Oiled waves are now pounding the Gulf shores, and sea turtles are caught in the toxic turmoil. The foul weather has suspended all cleanup and wildlife rescue operations, but the sea turtles are doing their best to survive and reproduce in the turmoil. Last night, 2 new sea turtle nests were spotted and protected in the shores of Fort Walton Beach, Florida. Massive ruts from tire tracks slowed the progress of one female attempting to reach the safety of the dunes, she turned around and nested among the ruts. Her nest was relocated to safety in the protected dunes. Thanks are extended to Sharon Maxwell at the South Walton Turtle Watch for the photos.
Thunderstorms throughout the Gulf in the wake of Hurricane Alex have delayed sea turtle rescue operations for another day. While based in Destin, Florida, I continue to help with local efforts to prepare for oiled beaches and assist with community efforts to prepare booms, and am in touch with the local sea turtle volunteer conservation organization and beach patrols.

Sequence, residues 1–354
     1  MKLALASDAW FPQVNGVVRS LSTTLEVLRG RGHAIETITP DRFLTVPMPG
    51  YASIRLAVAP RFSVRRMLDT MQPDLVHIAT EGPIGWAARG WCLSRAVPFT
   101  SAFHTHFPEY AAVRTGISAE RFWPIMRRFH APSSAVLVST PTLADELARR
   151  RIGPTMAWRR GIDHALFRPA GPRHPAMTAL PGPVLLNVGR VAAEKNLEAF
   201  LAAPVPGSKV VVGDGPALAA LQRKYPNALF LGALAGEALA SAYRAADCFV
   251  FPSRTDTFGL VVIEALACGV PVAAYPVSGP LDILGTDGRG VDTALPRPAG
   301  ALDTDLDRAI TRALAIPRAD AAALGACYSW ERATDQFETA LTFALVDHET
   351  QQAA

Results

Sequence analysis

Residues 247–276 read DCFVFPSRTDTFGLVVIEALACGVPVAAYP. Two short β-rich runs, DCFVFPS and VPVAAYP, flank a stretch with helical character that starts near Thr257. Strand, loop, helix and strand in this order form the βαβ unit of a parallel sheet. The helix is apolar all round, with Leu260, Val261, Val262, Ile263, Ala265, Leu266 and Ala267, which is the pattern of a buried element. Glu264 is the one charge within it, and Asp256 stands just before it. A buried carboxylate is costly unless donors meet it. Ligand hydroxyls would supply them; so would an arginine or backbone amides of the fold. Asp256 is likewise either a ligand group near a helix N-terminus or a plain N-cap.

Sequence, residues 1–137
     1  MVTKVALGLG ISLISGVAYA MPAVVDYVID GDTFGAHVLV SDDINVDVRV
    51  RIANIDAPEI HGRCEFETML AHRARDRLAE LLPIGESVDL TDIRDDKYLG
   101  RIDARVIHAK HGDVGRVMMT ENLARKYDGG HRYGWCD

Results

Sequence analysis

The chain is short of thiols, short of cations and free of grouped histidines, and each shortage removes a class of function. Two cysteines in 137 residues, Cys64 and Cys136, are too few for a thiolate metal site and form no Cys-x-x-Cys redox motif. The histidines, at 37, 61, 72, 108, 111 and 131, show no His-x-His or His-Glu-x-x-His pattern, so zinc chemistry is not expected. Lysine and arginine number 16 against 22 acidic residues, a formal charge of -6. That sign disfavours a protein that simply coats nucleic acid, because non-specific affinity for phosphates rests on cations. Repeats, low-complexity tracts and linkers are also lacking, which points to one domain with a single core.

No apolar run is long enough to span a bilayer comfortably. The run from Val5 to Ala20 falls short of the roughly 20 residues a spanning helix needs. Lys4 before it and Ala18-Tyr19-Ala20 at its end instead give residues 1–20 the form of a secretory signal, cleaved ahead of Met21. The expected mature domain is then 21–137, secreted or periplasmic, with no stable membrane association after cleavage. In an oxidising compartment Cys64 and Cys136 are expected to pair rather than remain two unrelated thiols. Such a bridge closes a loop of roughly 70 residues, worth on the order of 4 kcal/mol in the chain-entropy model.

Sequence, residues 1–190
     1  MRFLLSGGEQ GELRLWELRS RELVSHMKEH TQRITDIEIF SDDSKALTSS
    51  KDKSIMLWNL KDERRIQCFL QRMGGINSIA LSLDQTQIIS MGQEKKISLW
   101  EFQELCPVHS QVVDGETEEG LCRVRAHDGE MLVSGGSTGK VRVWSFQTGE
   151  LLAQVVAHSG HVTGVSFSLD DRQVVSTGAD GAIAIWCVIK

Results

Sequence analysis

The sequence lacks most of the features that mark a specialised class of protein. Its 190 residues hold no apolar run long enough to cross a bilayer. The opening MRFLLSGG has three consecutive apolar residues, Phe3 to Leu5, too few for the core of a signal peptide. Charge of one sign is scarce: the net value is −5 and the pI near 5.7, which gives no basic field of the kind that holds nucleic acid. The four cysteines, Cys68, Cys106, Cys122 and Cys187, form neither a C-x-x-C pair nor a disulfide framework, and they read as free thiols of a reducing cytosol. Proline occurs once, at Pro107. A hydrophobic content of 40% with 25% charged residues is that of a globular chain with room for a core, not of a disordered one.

The Vessels of Opportunity is a BP-sponsored program that hired boat captains to assist with oil spill operations. I located the tiny office established in Destin by BP, not too hard considering it is surrounded by packed oil booms waiting to be deployed. When a new truck arrived full of cleanup materials, I volunteered with the locals to unload the truck. With all of us working, we made quick work of a large task.
I met with the boat captain, who is a doctor and regularly volunteers to assist with sea turtle recovery on the water near military dredging operations, and we began preparations for our time at sea. The boat is a twin hull design that can cruise through smooth waters at 28 knots, a fast clip that should allow us to reach our target locations quickly. Our safety gear, sea turtle capture equipment, and oil cleanup materials are loaded on the boat and ready to go. We are hoping tomorrow’s weather will clear enough to ensure a safe voyage.